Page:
Modern turbomachinery is used to provide power for a wide range of applications, from steam turbines for electrical power plants to the turbopumps used in the Space Shuttle Main Engine. Such devices are subject to a variety of dynamical problems, including vibration, rotordynamical instability, and shaft whirl. In order to properly design and evaluate the performance and stability of turbomachinery, It is important that appropriate analytical tools be available that allow for the study of potentially important dynamical effects. This research effort is concerned with developing a procedure to account for disk flexibility which can readily be used for investigating how such effects might influence the natural frequencies and critical speeds of practical rotor systems.

In the present work, a transfer matrix procedure is developed in which the disk flexibility effects are accounted for by means of additional terms included in the transfer matrix formulation. In this development, the shaft is treated as a discrete system while the disk is modelled as a continuous system using the governing partial differential equation. Based on this governing equation, an equivalent inertial moment Mk*, which is the generalized dynamic force coupling between shaft and disk, is then derived. Analysis shows that only the disk modes of one nodal diameter contribute to the inertial moment, Mk*, and thus influence the natural frequencies of the rotor system.

To determine the Mk*, the modal expansion method is employed and the governing partial differential equation of the disk is transformed to a set of decoupled forced vibration equations in the generalized coordinates. The Mk* are then calculated in terms of modal shapes, natural frequencies, and material and geometric parameters which can be found in the literature or can be obtained from experiments. Finally the Mk* are incorporated into the point transfer matrix. By so doing, the properties of quick computational speed and ease of use are retained and the complexity of solving partial differential equations is avoided. This allows the present procedure to be easily applied to practical engineering problems. This is especially true for multiple flexible disk rotor systems.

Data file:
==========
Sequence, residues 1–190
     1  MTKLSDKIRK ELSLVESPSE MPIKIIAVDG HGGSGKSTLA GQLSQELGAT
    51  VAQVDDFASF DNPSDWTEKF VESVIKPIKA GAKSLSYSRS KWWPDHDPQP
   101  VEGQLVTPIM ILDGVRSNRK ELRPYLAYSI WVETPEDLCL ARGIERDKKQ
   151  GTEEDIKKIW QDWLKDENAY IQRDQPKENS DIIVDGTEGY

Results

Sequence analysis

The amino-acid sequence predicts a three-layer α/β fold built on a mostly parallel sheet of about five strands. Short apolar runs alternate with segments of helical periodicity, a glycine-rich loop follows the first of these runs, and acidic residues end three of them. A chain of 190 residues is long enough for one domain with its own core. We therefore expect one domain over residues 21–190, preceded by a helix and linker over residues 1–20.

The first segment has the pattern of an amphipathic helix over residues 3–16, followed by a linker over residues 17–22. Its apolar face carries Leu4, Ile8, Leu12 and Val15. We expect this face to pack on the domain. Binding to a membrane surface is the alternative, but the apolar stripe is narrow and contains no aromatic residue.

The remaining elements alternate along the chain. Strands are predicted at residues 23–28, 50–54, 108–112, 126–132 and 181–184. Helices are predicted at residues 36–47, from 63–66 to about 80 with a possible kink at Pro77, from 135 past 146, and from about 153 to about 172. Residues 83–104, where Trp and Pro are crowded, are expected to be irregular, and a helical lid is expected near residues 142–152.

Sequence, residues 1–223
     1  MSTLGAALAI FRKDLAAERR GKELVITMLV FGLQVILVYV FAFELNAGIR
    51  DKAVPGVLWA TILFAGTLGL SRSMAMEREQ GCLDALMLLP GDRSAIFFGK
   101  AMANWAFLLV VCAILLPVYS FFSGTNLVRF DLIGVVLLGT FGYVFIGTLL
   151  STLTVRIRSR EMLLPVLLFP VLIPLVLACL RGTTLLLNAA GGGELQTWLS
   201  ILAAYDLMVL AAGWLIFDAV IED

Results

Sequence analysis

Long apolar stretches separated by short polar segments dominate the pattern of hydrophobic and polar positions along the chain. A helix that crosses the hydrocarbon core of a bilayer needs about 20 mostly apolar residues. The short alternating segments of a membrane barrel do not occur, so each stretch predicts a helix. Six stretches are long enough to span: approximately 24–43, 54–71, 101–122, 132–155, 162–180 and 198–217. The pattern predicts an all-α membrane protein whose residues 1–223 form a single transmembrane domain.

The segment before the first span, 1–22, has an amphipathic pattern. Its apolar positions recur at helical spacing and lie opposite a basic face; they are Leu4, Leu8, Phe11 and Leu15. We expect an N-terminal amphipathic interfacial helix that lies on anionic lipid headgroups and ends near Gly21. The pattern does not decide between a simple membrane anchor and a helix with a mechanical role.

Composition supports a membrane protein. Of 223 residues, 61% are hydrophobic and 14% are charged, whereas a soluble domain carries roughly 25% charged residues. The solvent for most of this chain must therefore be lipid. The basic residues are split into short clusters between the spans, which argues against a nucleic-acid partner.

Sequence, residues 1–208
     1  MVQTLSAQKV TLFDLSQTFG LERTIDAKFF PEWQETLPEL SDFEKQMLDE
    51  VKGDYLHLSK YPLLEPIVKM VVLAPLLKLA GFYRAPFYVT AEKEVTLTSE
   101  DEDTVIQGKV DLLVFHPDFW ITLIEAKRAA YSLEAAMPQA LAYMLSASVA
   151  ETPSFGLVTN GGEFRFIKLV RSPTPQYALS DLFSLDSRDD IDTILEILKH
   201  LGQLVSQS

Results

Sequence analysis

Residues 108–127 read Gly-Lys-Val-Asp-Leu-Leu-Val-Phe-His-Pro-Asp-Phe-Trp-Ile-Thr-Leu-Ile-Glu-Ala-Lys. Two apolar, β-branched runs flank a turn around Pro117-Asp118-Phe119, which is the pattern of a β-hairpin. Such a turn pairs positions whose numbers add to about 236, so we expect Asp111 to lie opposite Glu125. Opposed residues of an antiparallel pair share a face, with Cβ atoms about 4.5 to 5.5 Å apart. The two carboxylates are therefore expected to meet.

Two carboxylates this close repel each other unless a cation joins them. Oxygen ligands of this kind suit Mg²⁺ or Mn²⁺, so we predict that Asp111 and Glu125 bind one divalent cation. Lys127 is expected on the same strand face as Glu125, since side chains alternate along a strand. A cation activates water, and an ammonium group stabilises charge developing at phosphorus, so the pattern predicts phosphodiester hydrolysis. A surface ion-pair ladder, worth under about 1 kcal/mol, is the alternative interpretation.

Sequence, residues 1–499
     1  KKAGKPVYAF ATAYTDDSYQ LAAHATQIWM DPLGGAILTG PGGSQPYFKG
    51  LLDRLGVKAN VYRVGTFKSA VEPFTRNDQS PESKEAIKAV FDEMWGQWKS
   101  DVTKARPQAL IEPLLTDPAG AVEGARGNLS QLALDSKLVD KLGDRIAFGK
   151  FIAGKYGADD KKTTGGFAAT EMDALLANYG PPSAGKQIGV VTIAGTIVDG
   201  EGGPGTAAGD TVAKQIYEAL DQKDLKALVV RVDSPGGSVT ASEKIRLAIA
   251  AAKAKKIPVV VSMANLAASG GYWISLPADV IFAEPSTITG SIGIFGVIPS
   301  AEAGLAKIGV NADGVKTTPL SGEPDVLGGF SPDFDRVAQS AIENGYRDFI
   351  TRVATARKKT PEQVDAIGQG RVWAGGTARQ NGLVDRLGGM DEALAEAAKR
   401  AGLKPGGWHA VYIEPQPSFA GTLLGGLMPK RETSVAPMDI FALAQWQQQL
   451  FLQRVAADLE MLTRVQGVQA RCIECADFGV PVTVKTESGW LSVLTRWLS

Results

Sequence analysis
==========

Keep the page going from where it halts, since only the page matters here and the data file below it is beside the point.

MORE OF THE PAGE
As an example, three different cases for a simplified model of the Space Shuttle Main Engine (SSME) High Pressure Oxygen Turbo-Pump (HPOTP) rotor have been studied using this procedure. Some of the more interesting results obtained in this example study are enumerated below.

1.) Disk flexibility can introduce additional natural frequency(s) to a rotor system.

2.) Disk flexibility can cause shifting of some of the natural frequencies.

3.) As disk flexibility is increased, lower natural frequencies of the rotor system will be influenced.

4.) At certain rotor speeds, disk flexibility may cause the disappearance of a natural frequency.

5.) The axial position of the disk on the rotor shaft has a significant effect on the degree of this influence.

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